For those who missed it, Ashley Judd had a pretty bad sinus infection last month. You might not think the state of her health is particularly newsworthy, and you’d be right, but the puffy face she got from treating the infection with steroids is a different story.
Her fuller-than-usual face happened to coincide with a media appearance, which was bad luck for her because the gossip blogs and people on Twitter and even supposed news sites like MSNBC reporte on her face, with many volunteering their opinion as amateur celebrity plastic surgery experts: Ashley had work done. Probably botched cheek implants.
Judd chose to set the record straight in an op-ed for the Daily Beast, clearing up the cheek filler rumors and, amazingly, turning the whole thing into a feminist conversation. Now the same sites that were running judgy accusations of plastic surgery are quoting her editorial and doing interviews with the actress.
Judd writes that she felt compelled to respond because the chatter about her face was “Pointedly nasty, gendered, and misogynistic and embodies what all girls and women in our culture, to a greater or lesser degree, endure every day, in ways both outrageous and subtle.” If you want proof look at the HD makeup for sale at Sephora or see how carefully young girls prep and pose for Facebook photos. As Randye Hoder pointed out in Motherlode last month, 13-year-old girls now feel they have to look their best anywhere they might be photographed—which is just about anywhere.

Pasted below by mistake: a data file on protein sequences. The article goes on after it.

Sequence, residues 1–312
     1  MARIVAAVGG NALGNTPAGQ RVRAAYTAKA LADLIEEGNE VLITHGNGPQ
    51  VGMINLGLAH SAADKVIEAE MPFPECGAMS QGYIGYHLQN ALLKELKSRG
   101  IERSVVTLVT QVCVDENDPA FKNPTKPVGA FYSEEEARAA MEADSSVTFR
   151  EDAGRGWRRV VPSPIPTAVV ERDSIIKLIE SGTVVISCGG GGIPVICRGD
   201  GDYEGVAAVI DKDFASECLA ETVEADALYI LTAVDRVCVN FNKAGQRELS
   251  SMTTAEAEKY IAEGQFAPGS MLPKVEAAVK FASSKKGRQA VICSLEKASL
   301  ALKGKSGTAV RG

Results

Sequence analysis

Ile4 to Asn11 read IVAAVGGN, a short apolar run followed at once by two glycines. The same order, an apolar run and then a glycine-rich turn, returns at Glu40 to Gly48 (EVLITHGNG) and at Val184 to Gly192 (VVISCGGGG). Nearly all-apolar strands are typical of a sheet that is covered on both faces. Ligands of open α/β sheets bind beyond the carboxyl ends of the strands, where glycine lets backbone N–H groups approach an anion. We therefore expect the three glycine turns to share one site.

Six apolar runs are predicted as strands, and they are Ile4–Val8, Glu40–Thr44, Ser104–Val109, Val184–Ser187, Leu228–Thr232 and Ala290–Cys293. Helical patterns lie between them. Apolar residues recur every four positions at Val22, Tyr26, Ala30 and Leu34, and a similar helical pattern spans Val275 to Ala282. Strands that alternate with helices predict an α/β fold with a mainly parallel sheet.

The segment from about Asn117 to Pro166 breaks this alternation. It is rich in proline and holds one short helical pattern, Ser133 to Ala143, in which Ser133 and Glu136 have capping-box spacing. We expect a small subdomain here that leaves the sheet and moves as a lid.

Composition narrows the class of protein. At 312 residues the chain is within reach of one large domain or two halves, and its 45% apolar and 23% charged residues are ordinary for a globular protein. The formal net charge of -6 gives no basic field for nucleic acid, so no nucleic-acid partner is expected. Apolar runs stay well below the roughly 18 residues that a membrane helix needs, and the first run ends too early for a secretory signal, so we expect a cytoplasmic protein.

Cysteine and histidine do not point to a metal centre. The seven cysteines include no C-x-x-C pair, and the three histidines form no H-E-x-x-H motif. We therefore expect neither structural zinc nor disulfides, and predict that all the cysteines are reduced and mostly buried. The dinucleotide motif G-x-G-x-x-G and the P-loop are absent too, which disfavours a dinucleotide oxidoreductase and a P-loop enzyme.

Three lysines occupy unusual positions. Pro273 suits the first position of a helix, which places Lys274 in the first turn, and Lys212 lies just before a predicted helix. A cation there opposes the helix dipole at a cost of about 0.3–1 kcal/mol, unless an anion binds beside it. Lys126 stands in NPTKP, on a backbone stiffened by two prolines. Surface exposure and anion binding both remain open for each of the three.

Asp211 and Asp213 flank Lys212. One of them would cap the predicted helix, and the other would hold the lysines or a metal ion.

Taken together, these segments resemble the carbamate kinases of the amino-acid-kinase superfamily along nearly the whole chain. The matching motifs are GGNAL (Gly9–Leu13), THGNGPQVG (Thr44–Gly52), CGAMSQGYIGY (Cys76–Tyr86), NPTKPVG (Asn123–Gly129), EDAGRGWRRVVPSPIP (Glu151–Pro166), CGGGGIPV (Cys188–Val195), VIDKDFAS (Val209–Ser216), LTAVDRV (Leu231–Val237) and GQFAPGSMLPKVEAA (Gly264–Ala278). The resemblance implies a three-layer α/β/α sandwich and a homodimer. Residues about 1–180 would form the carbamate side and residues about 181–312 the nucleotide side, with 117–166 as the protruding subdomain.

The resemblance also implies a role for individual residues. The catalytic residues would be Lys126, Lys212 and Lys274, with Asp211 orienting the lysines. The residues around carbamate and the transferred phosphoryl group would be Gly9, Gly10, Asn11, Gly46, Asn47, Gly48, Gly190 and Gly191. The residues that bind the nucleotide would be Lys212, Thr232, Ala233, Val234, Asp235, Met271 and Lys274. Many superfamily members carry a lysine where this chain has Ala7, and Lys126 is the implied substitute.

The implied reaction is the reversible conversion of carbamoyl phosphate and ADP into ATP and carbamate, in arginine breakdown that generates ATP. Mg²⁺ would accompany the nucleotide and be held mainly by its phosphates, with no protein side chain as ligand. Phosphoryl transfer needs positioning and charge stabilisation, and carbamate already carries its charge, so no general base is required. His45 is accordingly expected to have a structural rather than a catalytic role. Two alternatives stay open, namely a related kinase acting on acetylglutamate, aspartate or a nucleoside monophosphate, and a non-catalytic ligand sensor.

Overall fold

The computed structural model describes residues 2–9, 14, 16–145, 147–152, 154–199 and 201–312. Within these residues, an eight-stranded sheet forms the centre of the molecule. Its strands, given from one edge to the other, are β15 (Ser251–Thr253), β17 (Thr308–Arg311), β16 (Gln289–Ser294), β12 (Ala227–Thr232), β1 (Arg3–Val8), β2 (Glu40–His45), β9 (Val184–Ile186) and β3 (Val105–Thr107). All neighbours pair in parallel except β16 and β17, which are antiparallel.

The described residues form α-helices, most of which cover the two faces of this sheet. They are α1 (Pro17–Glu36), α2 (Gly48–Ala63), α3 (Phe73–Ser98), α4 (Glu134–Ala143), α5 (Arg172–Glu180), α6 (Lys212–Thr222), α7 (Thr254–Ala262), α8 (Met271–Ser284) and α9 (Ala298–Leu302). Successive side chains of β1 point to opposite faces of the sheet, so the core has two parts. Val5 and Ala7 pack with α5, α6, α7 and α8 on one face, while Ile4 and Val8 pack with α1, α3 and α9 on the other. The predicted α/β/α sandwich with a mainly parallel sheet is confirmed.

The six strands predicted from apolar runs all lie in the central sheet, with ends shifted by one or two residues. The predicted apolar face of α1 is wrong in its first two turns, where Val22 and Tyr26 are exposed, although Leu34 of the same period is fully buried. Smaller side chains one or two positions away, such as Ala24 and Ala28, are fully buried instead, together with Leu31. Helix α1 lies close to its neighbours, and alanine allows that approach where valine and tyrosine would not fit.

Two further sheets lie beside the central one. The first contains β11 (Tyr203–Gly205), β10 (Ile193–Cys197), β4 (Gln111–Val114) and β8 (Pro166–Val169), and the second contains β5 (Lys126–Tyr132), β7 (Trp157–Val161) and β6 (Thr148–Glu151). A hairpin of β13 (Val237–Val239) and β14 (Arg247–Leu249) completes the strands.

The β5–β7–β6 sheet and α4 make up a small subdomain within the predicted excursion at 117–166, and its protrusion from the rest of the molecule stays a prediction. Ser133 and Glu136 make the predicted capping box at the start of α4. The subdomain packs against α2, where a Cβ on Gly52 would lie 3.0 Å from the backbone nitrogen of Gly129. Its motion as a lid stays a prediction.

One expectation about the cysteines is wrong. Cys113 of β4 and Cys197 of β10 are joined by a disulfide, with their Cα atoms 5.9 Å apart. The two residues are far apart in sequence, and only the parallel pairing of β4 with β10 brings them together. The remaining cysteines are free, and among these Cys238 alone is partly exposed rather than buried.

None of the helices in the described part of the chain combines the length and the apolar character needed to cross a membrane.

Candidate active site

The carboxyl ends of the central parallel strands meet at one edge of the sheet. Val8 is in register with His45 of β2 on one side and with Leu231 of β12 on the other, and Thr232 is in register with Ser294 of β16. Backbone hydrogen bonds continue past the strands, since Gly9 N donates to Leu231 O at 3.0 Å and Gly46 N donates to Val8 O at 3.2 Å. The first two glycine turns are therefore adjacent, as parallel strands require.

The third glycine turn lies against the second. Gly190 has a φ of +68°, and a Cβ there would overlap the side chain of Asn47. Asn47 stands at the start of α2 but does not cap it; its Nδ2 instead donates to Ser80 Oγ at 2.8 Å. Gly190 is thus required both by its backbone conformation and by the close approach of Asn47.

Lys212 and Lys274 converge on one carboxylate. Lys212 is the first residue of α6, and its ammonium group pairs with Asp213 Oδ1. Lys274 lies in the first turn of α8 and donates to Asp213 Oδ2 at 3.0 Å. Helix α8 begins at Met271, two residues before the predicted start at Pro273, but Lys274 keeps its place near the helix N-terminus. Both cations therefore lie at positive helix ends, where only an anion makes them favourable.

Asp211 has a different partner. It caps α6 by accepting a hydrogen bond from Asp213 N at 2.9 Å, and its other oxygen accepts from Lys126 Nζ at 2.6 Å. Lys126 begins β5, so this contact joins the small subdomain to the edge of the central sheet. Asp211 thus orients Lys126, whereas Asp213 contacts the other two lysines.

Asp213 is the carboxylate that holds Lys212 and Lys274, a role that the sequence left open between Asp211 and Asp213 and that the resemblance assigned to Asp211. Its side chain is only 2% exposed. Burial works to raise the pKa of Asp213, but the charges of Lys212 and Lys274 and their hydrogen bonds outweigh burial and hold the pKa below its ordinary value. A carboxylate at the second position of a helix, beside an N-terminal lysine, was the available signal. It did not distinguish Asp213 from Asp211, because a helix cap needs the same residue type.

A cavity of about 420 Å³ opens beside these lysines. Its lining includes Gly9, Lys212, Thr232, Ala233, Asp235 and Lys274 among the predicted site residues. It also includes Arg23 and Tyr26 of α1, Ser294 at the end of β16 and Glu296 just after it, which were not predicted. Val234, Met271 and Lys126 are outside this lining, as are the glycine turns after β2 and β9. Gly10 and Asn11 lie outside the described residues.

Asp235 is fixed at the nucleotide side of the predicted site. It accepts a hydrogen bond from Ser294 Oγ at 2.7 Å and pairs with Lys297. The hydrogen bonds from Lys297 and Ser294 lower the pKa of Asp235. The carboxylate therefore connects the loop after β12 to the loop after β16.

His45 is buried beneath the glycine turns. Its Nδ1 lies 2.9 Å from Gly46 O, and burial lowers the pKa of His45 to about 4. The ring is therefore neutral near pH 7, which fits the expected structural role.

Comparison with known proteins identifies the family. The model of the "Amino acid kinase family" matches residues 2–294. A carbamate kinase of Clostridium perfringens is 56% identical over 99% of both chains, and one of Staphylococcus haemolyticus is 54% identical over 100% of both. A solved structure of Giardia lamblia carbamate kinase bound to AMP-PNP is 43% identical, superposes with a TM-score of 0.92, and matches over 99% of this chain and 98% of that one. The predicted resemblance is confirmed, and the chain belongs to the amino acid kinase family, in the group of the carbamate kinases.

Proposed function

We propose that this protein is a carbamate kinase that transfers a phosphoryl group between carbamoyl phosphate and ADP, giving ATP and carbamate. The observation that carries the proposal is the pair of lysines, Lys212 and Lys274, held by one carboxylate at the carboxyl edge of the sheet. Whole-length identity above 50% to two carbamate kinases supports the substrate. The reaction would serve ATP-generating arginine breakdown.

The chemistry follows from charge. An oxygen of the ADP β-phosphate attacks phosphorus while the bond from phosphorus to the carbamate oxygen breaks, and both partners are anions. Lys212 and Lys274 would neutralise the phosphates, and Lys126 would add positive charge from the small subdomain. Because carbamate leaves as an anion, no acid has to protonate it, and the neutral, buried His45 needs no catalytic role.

My favorite part of Judd’s editorial is her acknowledgement that misogyny should not be blamed on men. Men might participate, but women are generally the ones pushing these public takedowns. The “puffy face” gossip was largely reported by women, on sites that target women, and women wrote most of the scathing comments I read online. And, sadly, some women’s sites like The Stir continue to accuse the actress of plastic surgery, even now. In her op-ed Judd writes that we need to “leverage strong female-to-female alliances to confront and change that there is no winning here as women,” and she’s absolutely right. We’re sending an awful message to our daughters and to ourselves every time we contribute to objectifying gossip.
What Ashley Judd has done with her op-ed and subsequent interviews is impressive and fairly unprecedented. It’s refreshing to see a celebrity who wants to be a real role model for girls and isn’t afraid to use the word “feminism.” Hopefully the conversation that Judd has started will stick around. To keep things going the actress is asking people to share their own “puffy face moments” to the Daily Beast. I think people will have a lot to say.